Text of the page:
King has also taken taken care to link the Dark Tower books firmly to many of his other books. The connections range from the obvious to the inscrutable.

For example, in "Insomnia," elderly hero Ralph Roberts may be struggling to prevent a plane crash here in "the real world," but his larger mission impinges directly on Roland's quest. In "Rose Madder," the vengeful title character speaks of "ka" and seems to suffer from disease not unlike the radiation poisoning that has ravaged part of Mid-World. (And is it just coincidence that her first name corresponds to one of the most important symbols in the Dark Tower series?) Readers of "The Waste Lands" who wondered about the late appearance of one "Richard Fannin" will have their suspicions about the Dark Tower's connection to "The Stand" confirmed in "Wizard and Glass."

Straub sees this practice of cross-referencing as simultaneously playful and serious. "As Stephen King has handled the device, it has also given him the liberty to create a grand, gestural suggestiveness as to moral and theological depths ordinarily beyond the scope of individual works of fiction," he says. "Great, explanatory meanings hover in the air, musically, as resolution seems to draw near. We know the author has something magnificently significant in mind, and that he is working, maybe even groping, his way toward it. It's very gutsy. This goes well beyond the normal wish to have all of one's work eventually be seen as a single entity."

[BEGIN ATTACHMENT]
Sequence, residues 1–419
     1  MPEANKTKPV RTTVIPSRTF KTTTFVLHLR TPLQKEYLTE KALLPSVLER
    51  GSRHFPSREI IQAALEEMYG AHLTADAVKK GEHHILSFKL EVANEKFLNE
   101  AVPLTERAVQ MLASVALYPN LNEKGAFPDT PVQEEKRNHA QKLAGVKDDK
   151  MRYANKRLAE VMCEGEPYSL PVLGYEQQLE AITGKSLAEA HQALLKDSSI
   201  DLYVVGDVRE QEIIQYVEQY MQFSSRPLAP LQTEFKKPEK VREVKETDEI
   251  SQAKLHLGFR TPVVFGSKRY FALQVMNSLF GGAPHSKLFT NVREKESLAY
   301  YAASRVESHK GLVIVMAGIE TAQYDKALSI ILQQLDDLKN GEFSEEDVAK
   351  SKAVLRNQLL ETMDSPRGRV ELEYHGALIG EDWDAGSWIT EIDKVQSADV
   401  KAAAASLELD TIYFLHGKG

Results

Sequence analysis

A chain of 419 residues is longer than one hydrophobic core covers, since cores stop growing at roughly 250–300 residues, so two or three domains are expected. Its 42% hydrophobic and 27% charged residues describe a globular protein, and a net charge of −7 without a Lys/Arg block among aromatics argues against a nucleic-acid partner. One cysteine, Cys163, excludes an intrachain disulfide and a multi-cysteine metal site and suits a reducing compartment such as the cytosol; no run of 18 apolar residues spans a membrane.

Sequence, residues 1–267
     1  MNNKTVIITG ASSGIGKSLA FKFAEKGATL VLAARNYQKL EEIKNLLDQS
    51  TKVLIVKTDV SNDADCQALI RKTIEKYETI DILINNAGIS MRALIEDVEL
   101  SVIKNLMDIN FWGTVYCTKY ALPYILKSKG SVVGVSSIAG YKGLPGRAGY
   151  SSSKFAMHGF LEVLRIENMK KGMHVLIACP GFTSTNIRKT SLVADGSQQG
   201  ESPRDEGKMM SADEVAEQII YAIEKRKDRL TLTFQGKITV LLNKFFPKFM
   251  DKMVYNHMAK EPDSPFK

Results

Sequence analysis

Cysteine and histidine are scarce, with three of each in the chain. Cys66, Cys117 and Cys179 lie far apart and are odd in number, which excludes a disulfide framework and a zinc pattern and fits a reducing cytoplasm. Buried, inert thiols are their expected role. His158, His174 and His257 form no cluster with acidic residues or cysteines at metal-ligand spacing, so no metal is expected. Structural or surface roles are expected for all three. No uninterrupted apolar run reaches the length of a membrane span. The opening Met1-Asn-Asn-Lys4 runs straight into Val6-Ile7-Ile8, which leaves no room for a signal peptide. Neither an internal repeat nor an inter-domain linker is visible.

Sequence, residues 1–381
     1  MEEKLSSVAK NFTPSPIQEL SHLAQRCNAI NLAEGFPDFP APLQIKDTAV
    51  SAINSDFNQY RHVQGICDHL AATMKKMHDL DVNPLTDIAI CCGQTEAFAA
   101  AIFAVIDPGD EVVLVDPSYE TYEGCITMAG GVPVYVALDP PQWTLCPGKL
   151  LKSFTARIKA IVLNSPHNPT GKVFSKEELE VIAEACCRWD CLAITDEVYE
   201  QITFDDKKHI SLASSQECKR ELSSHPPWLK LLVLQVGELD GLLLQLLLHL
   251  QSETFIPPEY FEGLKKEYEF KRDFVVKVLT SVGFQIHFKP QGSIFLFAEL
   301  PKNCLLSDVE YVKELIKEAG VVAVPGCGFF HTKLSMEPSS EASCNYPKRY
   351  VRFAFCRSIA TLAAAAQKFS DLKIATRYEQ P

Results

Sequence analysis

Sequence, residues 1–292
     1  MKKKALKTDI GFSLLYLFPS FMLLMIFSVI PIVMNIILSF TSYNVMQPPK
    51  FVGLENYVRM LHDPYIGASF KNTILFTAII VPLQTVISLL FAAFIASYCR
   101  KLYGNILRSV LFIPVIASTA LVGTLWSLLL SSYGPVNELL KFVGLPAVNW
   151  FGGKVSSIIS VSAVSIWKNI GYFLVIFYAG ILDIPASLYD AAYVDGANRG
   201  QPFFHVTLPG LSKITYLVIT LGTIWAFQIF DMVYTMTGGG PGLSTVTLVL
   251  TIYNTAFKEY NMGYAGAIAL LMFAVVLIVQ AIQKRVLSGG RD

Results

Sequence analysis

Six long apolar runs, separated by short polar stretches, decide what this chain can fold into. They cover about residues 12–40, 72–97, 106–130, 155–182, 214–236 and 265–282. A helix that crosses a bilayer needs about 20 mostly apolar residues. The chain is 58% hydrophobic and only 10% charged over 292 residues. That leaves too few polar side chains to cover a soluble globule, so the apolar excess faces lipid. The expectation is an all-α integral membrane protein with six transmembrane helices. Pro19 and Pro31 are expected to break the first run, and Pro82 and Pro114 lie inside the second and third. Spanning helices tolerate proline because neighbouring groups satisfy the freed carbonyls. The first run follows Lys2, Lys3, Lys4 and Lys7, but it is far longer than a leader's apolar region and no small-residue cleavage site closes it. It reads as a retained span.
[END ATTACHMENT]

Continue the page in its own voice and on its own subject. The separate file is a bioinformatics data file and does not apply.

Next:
At nearly 800 pages, "Wizard and Glass" will still inevitably leave readers anxious for the arrival of the next volume. And if the pattern of the first four volumes is maintained, the series should only grow in power and complexity as it moves towards its conclusion.

Straub says, "It isn't surprising that the progress of the Dark Tower series should register, in both narrative technique and imaginative capacity, the increasing mastery of its author. What is surprising is that even a writer as true to himself as Stephen King could find so much ongoing possibility, so much space so full of unexpected promise, in an idea which first came to him in his late teens."

Straub can't think of another writer capable of finding such a wealth of narrative material in an old idea over so long a time. He says, "Most writers would not even consider trying to do this, in part because the idea itself would long ago have been consigned to the toybox, along with the beat-up teddy bears and rag dolls.That King can and wishes to do so indicates two things about him: that his imagination has been internally consistent since his youth, and that even very early on he had an instinct for what would evoke emotional power from him."

"Wizard and Glass" demonstrates that King's literary instincts are as sharp as ever. Although its final pages bring an inevitable longing for more adventures and a definite conclusion, the book succeeds in presenting a unified and pivotal episode in the protagonist's life while sustaining the mood and mystery of the larger saga. It represents another solid, well-executed storey (pun intended) in one of the towering achievements of modern fantasy.

(c) 1997 by Michael Berry